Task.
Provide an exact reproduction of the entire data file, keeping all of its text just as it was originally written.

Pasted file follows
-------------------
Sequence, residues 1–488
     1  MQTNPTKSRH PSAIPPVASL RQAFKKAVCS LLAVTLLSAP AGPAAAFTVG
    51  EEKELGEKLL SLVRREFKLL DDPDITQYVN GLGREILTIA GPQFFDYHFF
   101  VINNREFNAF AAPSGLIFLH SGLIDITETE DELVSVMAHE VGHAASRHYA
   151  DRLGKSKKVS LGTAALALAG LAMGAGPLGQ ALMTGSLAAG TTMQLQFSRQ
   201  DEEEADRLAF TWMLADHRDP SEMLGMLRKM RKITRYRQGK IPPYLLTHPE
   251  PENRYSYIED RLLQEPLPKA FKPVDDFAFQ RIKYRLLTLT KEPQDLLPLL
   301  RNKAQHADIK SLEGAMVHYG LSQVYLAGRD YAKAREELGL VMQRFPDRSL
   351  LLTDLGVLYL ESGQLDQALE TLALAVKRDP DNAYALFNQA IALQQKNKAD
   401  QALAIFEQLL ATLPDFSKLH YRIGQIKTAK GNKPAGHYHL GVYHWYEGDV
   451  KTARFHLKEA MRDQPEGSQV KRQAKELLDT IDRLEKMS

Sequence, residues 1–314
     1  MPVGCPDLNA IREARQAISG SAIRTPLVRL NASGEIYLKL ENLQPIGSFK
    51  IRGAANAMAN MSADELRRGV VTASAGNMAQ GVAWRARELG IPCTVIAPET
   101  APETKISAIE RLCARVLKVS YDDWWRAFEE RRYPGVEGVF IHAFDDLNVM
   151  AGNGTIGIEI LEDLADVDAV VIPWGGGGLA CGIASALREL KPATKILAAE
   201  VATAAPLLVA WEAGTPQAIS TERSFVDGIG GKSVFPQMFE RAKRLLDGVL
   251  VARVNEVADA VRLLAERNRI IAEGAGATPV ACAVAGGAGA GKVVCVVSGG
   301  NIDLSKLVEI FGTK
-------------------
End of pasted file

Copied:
Sequence, residues 1–488
     1  MQTNPTKSRH PSAIPPVASL RQAFKKAVCS LLAVTLLSAP AGPAAAFTVG
    51  EEKELGEKLL SLVRREFKLL DDPDITQYVN GLGREILTIA GPQFFDYHFF
   101  VINNREFNAF AAPSGLIFLH SGLIDITETE DELVSVMAHE VGHAASRHYA
   151  DRLGKSKKVS LGTAALALAG LAMGAGPLGQ ALMTGSLAAG TTMQLQFSRQ
   201  DEEEADRLAF TWMLADHRDP SEMLGMLRKM RKITRYRQGK IPPYLLTHPE
   251  PENRYSYIED RLLQEPLPKA FKPVDDFAFQ RIKYRLLTLT KEPQDLLPLL
   301  RNKAQHADIK SLEGAMVHYG LSQVYLAGRD YAKAREELGL VMQRFPDRSL
   351  LLTDLGVLYL ESGQLDQALE TLALAVKRDP DNAYALFNQA IALQQKNKAD
   401  QALAIFEQLL ATLPDFSKLH YRIGQIKTAK GNKPAGHYHL GVYHWYEGDV
   451  KTARFHLKEA MRDQPEGSQV KRQAKELLDT IDRLEKMS

Sequence, residues 1–314
     1  MPVGCPDLNA IREARQAISG SAIRTPLVRL NASGEIYLKL ENLQPIGSFK
    51  IRGAANAMAN MSADELRRGV VTASAGNMAQ GVAWRARELG IPCTVIAPET
   101  APETKISAIE RLCARVLKVS YDDWWRAFEE RRYPGVEGVF IHAFDDLNVM
   151  AGNGTIGIEI LEDLADVDAV VIPWGGGGLA CGIASALREL KPATKILAAE
   201  VATAAPLLVA WEAGTPQAIS TERSFVDGIG GKSVFPQMFE RAKRLLDGVL
   251  VARVNEVADA VRLLAERNRI IAEGAGATPV ACAVAGGAGA GKVVCVVSGG
   301  NIDLSKLVEI FGTK